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First regulating project hangups
#1704108 06/29/11 08:56 AM
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I'm stuck. Read Reblitz, the PACE book, many issues of the PTG journal and some pages from the Baldwin manual. Searched the archives. My newbie questions must be so advanced that noone has answered them yet. smile Hopefully, there are other poor souls in my position and this will help them too.

I'll boil it down to three issues. Even a hint on any one of these could really help me out.

1) aligning hammers to the strings - Several hammers completely miss a string, but when I screw in the hammer flange screw (with the action out of the piano), there's only one place it seems to want to go, and that's where it was before. I can see that the spacing between the hammers is uneven, but can't seem to do anything about it without forcing it. Can forcing it be the right thing to do? (I also have no idea how I'd do this with the action installed in the piano - a Baldwin acrosonic console from the early 70's - since the hammer flange screws appear completely inaccessible.)

2) key height - The Baldwin manual says that the tops of the natural keys should be 2 1/2" above the key bed when measured 1/4" from the front of the key. Sure, I can do that. But there are wood shims between the front rail and the key bed. In this case, what should I use for the measurement - the bottom of the front rail or the top of the key bed?

3) hammer stroke and lost motion - (OK, that's four issues). I filed the hammers before reinstalling the action and laid new hammer rail cloth across the rail. I expected there to be extra distance from the filing somewhat compensated for by the new rail cloth. As it turns out, most of the tenor and treble hammers are fine, but all of the bass hammers are about 1/8" closer to the strings than the 1 5/8" distance specified by the Baldwin manual. Some of the higher hammers are also a little close. The felts on the supports are original, so there's nothing extra to remove.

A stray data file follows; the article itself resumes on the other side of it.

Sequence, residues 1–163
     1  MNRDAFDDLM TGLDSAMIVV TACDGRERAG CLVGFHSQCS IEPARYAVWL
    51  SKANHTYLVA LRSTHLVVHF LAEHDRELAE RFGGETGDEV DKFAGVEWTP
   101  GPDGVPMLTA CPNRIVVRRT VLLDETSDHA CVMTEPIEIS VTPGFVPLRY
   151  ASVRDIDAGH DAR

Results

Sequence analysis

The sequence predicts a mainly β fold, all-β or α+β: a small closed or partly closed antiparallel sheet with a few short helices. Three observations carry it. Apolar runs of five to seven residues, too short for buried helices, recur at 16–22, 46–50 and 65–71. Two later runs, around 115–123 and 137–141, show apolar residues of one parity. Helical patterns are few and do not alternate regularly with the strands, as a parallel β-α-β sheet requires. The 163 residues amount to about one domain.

As for lost motion - the manual says there should be no lost motion in the keys. OK, but that contradicts everything I've read everywhere else.

Regulating is like, I don't know, something that needs to be demonstrated. Actually, an RPT will be coming to look the piano (and my work) over, but I was hoping to get the project off the ground a bit before that so we could focus on the things that are really funky.

You've all been here before, right?

Thanks for any help!

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Re: First regulating project hangups
Karen A. #1704255 06/29/11 12:31 PM
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Welcome to the wonderful world of regulating!

issue #1: Sometimes a hammer just won't space by loosening the screw and moving the hammer and re tightening. One way to get it to move over is to shim the bottom corner of the flange, so that the shim will force the hammer to tilt in the direction that you want. A trickier way is to heat the shank and try to bend it to the side. I use a barbecue lighter and keep it running up and down the shank on low flame to make the shank malleable. It is very easy to stress the flange pinning with this method, and it takes some practice and experience to pull this off, but it is fairly quick. You could also use shank bending pliers, but the one sold by Schaff is not that great.

#2: The manufacturer spec on key height may be useful as a reference, but frankly I never look at it. I go by how the keys fit the case parts, since that is the main issue at hand. Make sure the keys aren't so high to run into the key cover. Usually you can use the end sections as a reference and bring the middle of the keyboard up to level, since usually it is the middle of the keyboard that has sagged.

#3: This is another common situation. The rest rail may be a little warped, or perhaps one of the other rails. Part of what you may be dealing with is inconsistency in the hammer filing. In a new piano all the hammers in each section are the same length, but this will probably not be the case on an older piano that has had one or more filings. One way to fix it is to bring the rail back 1/8th of an inch by removing some material off the felt support blocks and then install a shim behind the rest rail cloth to get an even blow distance. Note: the rest rail cloth should only be glued along the very bottom edge, the top should be loose. This cuts down on noise and also makes shimming possible.

As far as lost motion goes, you need to find out what will work with your piano. Some pianos seem to get away with hardly any, others need a significant amount more for the jack to reliably return under the hammer butt. Do some samples and make sure the jack returns under a slow release of the key. My default is this: I adjust so I can just barely see the backcheck move before the catcher, but I don't want to feel a noticeable bump in the key. This takes a very sensitive touch.

One of the most important concepts with regulating is the "circle of refinement". Don't be too picky your first time through. Just get everything in the ballpark. Don't attempt being refined in your adjustments until things are close. Otherwise you can waist hours of time.


Ryan Sowers,
Pianova Piano Service
Olympia, WA
www.pianova.net
Re: First regulating project hangups
Karen A. #1704319 06/29/11 02:08 PM
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Hello there, had a quick read of this...